Hospices around the country provide care for around 200,000 patients each year and the specialist support that they give to not only patients but their families makes a significant difference. More often than not they have helped the person who has died and the family to prepare for the death as they also provide spiritual care, practical and financial care and bereavement care.
From government figures on end of life care just 5.7% of people die as in-patients in hospices and when someone does die in the hospice the hospice will initially guide the family and they follow a well organised process.
More often than not the family will have already chosen a Funeral Director prior and will have also decided upon if the funeral will be a Cremation or a Burial.
When the person dies the Hospice will:
- The Hospice Doctor will complete the Medical Certificate stating the cause of death to enable the family to Register the Death. The Medical Certificate will be given to the family directly, along with details on how to register the death.
- Contact the Funeral Director and arrange for them to come to take the person who has died to the funeral home. Unless the family wants to, at this stage the family will not meet the funeral director’s staff, what will normally happen is that the Funeral Director will make contact with the family (normally by an initial phone call).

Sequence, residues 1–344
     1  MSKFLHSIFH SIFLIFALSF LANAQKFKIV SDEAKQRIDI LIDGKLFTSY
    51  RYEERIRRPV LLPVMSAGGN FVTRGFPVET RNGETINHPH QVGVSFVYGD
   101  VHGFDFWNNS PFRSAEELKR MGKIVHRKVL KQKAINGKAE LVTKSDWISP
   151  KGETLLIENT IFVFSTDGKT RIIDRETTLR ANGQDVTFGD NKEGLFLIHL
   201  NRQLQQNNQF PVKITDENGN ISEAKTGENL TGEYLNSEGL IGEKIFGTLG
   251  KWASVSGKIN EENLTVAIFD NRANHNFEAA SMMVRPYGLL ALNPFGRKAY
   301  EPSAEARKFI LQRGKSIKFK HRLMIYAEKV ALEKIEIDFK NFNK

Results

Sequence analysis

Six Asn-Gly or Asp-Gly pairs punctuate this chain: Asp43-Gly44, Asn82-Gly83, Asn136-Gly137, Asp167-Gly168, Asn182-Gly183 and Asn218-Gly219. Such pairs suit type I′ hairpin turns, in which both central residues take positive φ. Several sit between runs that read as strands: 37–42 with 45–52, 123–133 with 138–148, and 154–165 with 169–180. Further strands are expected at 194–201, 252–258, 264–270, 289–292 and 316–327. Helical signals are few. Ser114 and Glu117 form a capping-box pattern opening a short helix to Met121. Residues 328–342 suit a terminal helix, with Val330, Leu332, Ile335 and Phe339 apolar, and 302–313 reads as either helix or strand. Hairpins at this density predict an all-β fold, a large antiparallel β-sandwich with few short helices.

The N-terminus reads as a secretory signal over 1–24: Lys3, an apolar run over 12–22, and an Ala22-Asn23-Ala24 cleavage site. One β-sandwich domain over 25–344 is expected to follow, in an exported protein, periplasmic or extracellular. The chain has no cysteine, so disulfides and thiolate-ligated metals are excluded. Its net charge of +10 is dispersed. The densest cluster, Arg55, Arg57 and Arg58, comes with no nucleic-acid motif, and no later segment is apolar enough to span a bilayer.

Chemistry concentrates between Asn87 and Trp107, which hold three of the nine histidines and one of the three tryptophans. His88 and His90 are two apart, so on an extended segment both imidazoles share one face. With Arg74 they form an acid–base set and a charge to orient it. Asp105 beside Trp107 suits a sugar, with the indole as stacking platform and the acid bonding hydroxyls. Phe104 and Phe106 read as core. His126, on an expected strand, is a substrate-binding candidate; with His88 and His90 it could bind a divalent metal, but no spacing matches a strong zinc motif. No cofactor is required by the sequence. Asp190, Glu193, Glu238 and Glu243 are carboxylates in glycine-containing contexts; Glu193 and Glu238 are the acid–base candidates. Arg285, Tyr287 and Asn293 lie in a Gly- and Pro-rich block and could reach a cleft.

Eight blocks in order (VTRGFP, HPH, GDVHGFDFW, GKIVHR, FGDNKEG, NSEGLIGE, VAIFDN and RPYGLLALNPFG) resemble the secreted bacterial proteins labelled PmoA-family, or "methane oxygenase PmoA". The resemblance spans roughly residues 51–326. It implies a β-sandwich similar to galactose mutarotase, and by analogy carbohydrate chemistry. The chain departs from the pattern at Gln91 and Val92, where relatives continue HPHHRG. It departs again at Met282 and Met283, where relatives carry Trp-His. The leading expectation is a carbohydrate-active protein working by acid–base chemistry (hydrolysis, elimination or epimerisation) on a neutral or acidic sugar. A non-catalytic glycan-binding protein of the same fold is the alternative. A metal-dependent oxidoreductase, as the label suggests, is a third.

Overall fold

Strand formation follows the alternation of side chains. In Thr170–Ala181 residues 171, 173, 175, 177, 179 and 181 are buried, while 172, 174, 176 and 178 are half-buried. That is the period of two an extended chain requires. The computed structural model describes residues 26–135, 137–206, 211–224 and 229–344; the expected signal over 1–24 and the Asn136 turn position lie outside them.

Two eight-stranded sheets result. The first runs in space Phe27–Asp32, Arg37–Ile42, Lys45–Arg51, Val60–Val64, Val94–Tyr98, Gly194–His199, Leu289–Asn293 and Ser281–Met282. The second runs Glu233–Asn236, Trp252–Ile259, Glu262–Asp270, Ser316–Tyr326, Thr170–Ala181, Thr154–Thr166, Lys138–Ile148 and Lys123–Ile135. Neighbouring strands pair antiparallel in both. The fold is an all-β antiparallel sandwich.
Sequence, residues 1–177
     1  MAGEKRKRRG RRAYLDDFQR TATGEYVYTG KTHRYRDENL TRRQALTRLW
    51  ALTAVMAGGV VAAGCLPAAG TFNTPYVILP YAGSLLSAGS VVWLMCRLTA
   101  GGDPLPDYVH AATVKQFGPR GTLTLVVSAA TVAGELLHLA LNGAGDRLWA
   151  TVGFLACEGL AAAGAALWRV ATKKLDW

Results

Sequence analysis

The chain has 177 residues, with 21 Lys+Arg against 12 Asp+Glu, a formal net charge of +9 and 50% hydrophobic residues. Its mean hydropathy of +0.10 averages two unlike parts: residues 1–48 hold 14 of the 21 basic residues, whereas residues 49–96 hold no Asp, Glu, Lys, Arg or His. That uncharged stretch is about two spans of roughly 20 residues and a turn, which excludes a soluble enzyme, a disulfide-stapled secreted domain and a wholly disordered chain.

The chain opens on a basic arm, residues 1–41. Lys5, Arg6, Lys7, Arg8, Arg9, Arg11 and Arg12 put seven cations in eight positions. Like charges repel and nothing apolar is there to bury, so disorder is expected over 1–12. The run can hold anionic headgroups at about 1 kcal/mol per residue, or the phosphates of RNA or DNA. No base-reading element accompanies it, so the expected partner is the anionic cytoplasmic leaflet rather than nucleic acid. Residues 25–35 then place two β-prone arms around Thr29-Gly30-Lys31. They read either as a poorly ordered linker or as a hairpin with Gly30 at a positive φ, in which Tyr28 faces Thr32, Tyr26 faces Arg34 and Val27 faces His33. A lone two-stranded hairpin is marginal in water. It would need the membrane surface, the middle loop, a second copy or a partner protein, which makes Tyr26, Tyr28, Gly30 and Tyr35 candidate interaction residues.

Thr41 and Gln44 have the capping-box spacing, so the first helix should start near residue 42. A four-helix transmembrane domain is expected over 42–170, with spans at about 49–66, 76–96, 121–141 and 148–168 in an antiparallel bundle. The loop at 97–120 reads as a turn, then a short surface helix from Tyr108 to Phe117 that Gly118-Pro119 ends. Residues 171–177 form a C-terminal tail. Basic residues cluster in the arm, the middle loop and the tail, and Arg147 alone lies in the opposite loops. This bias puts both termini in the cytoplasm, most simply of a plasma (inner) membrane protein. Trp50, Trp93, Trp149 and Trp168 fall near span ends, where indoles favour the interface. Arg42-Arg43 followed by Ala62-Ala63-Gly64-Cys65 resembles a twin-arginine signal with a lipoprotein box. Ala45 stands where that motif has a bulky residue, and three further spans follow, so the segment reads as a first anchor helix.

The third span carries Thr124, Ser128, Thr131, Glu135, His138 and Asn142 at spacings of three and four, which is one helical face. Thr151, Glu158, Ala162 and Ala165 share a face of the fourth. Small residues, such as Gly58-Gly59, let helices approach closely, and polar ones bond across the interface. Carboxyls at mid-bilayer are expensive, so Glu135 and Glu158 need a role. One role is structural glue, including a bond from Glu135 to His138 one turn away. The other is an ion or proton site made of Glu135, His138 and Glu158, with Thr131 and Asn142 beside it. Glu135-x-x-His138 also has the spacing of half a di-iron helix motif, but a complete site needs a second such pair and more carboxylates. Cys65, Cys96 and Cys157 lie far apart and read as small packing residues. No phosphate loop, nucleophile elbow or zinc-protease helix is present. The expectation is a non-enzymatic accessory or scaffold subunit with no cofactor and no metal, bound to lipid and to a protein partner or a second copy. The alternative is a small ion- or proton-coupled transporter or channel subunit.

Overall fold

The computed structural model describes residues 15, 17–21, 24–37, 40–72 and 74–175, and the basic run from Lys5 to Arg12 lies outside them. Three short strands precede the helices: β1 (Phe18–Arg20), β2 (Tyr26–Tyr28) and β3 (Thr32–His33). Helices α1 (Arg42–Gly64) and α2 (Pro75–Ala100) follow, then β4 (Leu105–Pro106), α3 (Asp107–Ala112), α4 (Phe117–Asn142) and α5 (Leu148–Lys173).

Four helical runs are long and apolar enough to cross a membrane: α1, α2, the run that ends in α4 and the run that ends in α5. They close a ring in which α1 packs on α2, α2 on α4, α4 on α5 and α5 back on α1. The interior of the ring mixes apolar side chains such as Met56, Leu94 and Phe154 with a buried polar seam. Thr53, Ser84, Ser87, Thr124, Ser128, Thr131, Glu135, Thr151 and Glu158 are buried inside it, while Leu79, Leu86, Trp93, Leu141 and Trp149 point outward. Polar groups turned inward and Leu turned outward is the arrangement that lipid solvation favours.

- If the funeral is going to be a cremation then the Hospice Doctor will complete the first part of the Cremation Form and give it to the Funeral Directors when they arrive at the hospice. The Hospice Doctor will then arrange for a second Doctor to complete the Cremation Forms at the Funeral Directors premises.
The Funeral Directors will attend the hospice and the Hospice staff always assist with and oversee the transfer of care from them to the Funeral Directors.
Relatives of people who have died in a Hospice will have the support of the Hospice Bereavement Service.